On fringe of rotation, Sixers guard Korkmaz reportedly requests trade

NBA: JAN 17 76ers at Clippers
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Last season, Furkan Korkmaz was a regular part of the 76ers rotation — he played in 69 games, started 19, and averaged 21 minutes and seven shot attempts a night.

With De'Anthony Melton added to the rotation this season, Korkmaz has played in 25 games (less than half of the team’s games) at 10.2 minutes a night when he does get in, and he averaged 3.1 shots per game. Korkmaz wants to be somewhere he is wanted and used and has requested a trade, reports Keith Pompey at the Philadelphia Inquirer.

Sources have said the Turkish player has requested to be traded before Thursday’s 3 p.m. trade deadline. Asked about it, Korkmaz would only say he “would not confirm nor deny it.”

Sixers president of basketball operations Daryl Morey didn’t immediately respond to a text message asking if Korkmaz asked to be traded. But sources have said Korkmaz was informed the Sixers will try to package him in a deal.

Korkmaz is not the only 76ers whose name comes up in trade conversations, wing defender Matisse Thybulle also has drawn trade interest. The Sixers are looking for a backup point center for their playoff run.

Korkmaz, 25 and in his sixth NBA season, is a career 35.4% shooter from 3 at the guard spot, but his competent shooting has not made up for limited playmaking and poor defense at the NBA level. The Sixers went out and got an upgrade this offseason in Melton.

Korkmaz makes $5 million this season and has a fully-guaranteed $5.4 million on the books for next season. A fair price if a team believes the Turkish guard can help their guard rotation, but the market for him is likely limited.

Still, it’s another name to watch in Philadelphia as we move toward Thursday’s trade deadline.

Three things to Know: Now what for the Nets, Mavericks?

Dallas Mavericks v Brooklyn Nets
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Three Things To Know is NBC’s five-days-a-week wrap-up of the night before in the NBA. Check out NBCSports.com every weekday morning to catch up on what you missed the night before plus the rumors, drama, and dunks that make the NBA must-watch.

1) Now what for the Nets, Mavericks?

So much for a quiet trade deadline. In a blockbuster trade, the Brooklyn Nets are sending Kyrie Irving and Markieff Morris to the Dallas Mavericks in return for Spencer Dinwiddie, Dorian Finney-Smith, a 2029 unprotected first-round pick and two second-round picks (the first in 2027). Brooklyn chose the Mavericks’ offer over the Lakers (Russell Westbrook and two first-rounders), Suns (Chris Paul, Jae Crowder and picks), and the Clippers.

The thing is, it can’t be the last move for either the Mavericks or Nets if they want to contend this season. It’s not a coincidence this trade got done days before the deadline, it leaves room for both teams to make more moves to maximize what happened in this deal.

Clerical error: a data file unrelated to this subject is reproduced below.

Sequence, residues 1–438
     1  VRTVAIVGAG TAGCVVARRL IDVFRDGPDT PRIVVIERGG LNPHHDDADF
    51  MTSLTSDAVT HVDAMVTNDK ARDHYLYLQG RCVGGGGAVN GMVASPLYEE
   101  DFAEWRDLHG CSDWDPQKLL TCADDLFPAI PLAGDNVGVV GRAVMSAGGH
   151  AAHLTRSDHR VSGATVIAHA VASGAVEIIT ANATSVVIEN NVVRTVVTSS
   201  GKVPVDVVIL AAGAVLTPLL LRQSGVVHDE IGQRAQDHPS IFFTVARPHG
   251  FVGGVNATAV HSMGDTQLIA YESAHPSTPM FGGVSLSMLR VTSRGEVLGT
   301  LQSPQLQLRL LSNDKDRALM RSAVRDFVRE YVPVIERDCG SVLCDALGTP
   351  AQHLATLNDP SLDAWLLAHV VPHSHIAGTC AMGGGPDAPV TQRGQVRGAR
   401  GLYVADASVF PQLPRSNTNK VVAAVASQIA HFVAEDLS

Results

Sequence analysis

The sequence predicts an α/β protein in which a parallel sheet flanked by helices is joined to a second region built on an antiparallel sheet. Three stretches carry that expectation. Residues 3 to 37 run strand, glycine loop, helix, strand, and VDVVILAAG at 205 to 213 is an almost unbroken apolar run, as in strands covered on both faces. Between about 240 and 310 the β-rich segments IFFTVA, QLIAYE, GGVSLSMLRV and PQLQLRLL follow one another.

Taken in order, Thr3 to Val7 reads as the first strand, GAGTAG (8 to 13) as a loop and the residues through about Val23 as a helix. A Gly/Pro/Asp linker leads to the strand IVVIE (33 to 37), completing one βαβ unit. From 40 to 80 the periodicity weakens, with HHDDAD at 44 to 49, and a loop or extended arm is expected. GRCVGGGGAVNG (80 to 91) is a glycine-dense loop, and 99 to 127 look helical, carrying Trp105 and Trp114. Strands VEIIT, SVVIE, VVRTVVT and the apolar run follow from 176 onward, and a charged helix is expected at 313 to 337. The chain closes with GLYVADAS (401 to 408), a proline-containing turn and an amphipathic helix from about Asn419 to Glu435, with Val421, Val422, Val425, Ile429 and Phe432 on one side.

What is next for both?

With this move, Brooklyn signaled they plan to retool a contender around Kevin Durant, which is a noble idea but his roster is not good enough. Adding Dinwiddie and Finney-Smith brings versatility and depth to the Nets lineup, but it leaves them with one star capable of elite shot creation and points in KD, the Nets need more.

Brooklyn can use that depth plus what is now three first-round picks they control to try and trade for another star to go next to Durant, except there are no such stars on the market. At least yet. The Nets did check in with the Raptors to see if any of their stars — maybe Fred VanVleet or O.G. Anunoby — will be made available, reports Ian Begley of SNY.TV. Brooklyn has until early this summer to build a roster Durant believes can win it all and wants to play with, or his trade demand could end up back on the table. There are many other teams — led by the Suns — waiting to see that happen.

As for Dallas…

Trading for Irving is a huge role of the dice for the Mavericks and they need it to work, partly because they reportedly did not commit to a long-term contract with Irving (he wants the max, four years, $198.5 million, he could have gotten). Irving is a free agent after this season and could walk.

To make it work, Dallas needs two ball-dominant players in Irving and Luka Dončić to mesh on the court. More importantly, Dallas has to improve its 23rd-ranked defense (using Cleaning the Glass’ numbers) despite having just traded away its best perimeter defender in Finney-Smith.

Dallas is still active on the trade market to round out the roster— Christian Wood is a very common name bandied about as available — but the focus now has to be on bringing in enough defense. Their offense could be electric with Dončić, Irving and plenty of shooting, but they are not going to score their way out of the West, Dallas needs stops. Which means Dallas needs defenders.

Expect both the Nets and Mavericks to try and make more moves before Thursday.

2) Stephen Curry out “weeks” with shin injury, could be a month

For a Warriors team that is just a game above .500 and struggling to avoid the play-in, they got terrible news on Sunday.

Stephen Curry has torn ligaments in his leg — in the shin area just below the knee — and while the team does not have an official timeline, he will miss time.

Shams Charania reported it would be “weeks” and the Warriors are hoping that means about three and Curry return just after the All-Star break, reports Monty Poole of NBC Sports Bay Area.

However, Jeff Stotts of In Street Clothes said that, while this is a rare injury for the NBA, he likely is out for around a month.

The Warriors are not the same without Curry, who is averaging 27.9 points, 6.4 rebounds and 6.4 assists a game. The Warriors outscore opponents by 5 points per 100 possessions when he is on the court and get outscored by 5.4 when he is off. Can they hold on to even a play-in spot without him?

Also of interest, Curry will miss the All-Star Game where the fans voted him a starter.